Why I don’t write short stories (except when I do)

By March 27, 2013Comms

In a recent tweet, I wrote: “Writing short stories because you want to be a novelist is like learning to ride a motorcycle because you want to drive a car.”

I knew it would be provactive, and it was intended to be. I find that the best way to get a healthy discussion going is to skate the edge of dickishness. Problem is, it’s pretty easy to skate across that line, and 140 characters doesn’t allow a lot of room for explanation.

So, here’s an explanation.

I knew I wanted to be a professional fantasy novelist pretty much from when I learned to read. I only realized that I could actually do it in 1998. So, I did what most folks do, I hit the Internet, read all about how folks became professionals in the field.

There was an overwhelmingly uniform narrative. To become a professional fantasy novelist one must:

1.) Win the Writers of the Future contest. RESULT: You have a professional credit and associate membership in SFWA on your cover letter. The “Tier I” magazines will now seriously consider your work.

2.) Make 3 short story sales to SFWA qualifying markets. RESULT: You are now an active SFWA member, and are invited to the “closed” parties.

3.) Go to said “closed” parties and meet your agent. RESULT: You have an agent. Without one, you can never ever sell a novel.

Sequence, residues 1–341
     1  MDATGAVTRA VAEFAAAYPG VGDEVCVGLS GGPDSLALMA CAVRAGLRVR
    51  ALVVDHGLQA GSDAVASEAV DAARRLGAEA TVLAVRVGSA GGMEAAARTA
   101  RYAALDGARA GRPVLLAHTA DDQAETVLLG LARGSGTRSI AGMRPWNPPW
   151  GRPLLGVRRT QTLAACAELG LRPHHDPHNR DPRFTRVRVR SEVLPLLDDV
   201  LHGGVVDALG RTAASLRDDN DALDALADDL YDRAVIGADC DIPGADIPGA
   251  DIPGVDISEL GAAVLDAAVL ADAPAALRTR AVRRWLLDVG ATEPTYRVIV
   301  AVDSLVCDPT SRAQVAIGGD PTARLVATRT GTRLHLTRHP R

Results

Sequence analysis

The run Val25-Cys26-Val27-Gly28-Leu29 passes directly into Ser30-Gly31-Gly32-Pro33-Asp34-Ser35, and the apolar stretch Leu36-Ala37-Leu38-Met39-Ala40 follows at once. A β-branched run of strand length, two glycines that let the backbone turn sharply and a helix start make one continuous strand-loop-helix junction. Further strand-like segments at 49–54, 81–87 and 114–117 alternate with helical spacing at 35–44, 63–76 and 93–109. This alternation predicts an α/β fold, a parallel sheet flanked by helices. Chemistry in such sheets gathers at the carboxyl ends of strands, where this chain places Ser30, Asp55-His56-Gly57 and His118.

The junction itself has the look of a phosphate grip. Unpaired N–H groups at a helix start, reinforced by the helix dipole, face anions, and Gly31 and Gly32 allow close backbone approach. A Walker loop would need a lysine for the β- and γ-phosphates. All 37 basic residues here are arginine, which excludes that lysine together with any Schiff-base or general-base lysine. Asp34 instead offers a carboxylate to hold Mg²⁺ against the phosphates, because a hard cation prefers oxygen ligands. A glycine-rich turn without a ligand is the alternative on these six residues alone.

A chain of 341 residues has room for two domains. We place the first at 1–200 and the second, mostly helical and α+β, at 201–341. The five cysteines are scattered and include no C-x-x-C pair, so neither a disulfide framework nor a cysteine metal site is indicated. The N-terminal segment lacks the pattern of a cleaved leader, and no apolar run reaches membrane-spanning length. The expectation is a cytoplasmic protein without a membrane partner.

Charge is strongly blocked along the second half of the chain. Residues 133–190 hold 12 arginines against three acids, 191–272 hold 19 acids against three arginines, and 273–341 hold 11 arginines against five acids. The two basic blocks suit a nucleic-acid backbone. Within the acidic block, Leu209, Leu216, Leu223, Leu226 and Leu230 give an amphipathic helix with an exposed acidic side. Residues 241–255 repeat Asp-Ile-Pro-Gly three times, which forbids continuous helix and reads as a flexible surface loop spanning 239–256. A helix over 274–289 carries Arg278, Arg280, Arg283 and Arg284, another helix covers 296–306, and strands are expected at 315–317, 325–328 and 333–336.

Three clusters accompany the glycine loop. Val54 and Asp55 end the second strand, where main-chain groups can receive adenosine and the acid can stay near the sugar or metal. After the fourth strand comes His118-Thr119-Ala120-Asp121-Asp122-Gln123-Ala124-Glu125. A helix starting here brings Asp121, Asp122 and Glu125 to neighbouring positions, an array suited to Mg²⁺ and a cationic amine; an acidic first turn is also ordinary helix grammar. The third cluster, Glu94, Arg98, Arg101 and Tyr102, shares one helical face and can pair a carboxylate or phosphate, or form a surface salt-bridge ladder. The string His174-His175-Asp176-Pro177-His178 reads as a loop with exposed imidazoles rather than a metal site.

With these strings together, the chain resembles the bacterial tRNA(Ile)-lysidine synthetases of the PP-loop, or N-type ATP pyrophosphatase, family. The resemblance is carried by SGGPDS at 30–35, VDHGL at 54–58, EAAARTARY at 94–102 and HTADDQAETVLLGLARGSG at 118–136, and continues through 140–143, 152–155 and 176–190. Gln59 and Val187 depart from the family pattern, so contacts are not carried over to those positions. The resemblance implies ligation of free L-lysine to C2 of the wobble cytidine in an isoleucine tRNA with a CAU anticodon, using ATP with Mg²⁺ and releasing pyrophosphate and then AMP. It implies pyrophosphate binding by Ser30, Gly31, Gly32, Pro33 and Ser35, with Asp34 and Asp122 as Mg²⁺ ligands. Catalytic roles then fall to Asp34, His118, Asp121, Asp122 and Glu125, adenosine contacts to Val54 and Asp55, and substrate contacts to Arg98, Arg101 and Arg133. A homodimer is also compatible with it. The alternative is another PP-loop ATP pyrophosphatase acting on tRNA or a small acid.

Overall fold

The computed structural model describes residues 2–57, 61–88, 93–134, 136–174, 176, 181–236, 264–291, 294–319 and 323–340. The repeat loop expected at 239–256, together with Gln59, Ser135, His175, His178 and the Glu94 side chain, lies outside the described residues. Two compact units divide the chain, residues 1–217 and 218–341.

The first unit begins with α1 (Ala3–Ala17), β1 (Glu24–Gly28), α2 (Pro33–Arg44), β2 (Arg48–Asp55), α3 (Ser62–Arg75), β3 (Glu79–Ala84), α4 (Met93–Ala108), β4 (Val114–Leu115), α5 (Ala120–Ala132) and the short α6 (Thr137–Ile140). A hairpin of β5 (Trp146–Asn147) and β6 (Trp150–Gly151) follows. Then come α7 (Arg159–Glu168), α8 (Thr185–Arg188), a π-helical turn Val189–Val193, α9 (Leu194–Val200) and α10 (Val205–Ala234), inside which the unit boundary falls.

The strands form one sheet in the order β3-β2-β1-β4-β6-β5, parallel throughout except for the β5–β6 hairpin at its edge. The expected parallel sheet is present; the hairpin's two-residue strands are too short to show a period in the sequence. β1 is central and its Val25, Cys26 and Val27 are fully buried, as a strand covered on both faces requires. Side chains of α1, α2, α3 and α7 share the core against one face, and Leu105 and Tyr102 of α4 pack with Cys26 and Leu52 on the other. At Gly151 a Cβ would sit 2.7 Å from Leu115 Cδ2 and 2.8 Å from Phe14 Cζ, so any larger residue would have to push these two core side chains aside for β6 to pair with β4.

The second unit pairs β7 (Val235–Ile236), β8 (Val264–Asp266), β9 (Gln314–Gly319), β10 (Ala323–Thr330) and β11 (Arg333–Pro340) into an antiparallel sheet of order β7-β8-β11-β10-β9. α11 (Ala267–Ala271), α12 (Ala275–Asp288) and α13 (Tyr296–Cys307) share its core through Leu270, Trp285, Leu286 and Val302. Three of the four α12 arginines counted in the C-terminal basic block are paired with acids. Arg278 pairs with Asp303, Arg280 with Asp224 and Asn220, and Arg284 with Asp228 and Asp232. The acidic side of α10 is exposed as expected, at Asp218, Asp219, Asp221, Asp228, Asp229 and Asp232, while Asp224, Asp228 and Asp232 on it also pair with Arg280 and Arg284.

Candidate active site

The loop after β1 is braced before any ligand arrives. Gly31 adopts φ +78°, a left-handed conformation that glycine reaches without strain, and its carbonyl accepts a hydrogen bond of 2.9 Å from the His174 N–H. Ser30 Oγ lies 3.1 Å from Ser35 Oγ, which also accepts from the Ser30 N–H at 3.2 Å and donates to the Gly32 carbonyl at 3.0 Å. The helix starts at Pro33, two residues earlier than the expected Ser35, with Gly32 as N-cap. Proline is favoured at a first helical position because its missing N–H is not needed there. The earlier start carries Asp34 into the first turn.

4.) Have your agent take your novel out to market and sell it. RESULT: Dream achieved.

I bought this like it was on sale. It was the exact process I followed to where I am now. It took almost 15 years. I repeated it to everyone who would listen.

It’s all wrong.

Notice what’s not on that list? LEARN YOUR CRAFT and WRITE AN AMAZING NOVEL. It’s all cart-before-the-horse-stuff, focusing on the ladder climbing, the networking, the who-you-know.

That stuff is important, but it’s the sizzle, not the steak. The steak is writing the best book ever, and nobody likes to focus on that because it’s really really fucking hard. A friend once told me that he wanted to be a writer like Hank Moody in Californication. I responded: “You know what you never see Hank Moody doing on that show? Writing.”

I can’t prove it, but I firmly believe that if, instead of writing short stories, I had focussed on my novel writing craft, I would have achieved my dream of becoming a professional writer at least 5 years earlier than I did. I don’t think it matters what credentials you do or don’t have. Quality wins in the end. The much derided gatekeepers at the Big 5 in New York City (and the little 3 in San Francisco, Amherst and Nottingham) know their business. They miss a few, but by and large, they back winning horses.

So, here’s my message to the aspiring novelist. If you like short stories, if you want to write short stories, then write short stories. If you want to be a novelist (and, honestly, if you ever want to have a snowball’s chance in hell of making a full time living from your fiction), then write novels.

Some arguments I don’t agree with:

“But writing short stories makes you a better writer! It teaches you craft! The skills translate to novels!”

No. They don’t. Or, at least the translation is so small that it makes no difference. Writing short stories teaches you how to write short stories. The novel is a different animal. They plot differently. Characters develop differently. Pacing is different. Even dialogue is different when you have virtually unlimited space to explore it.

“But selling to short story markets means I’m getting better as a writer and will be able to sell my novel!”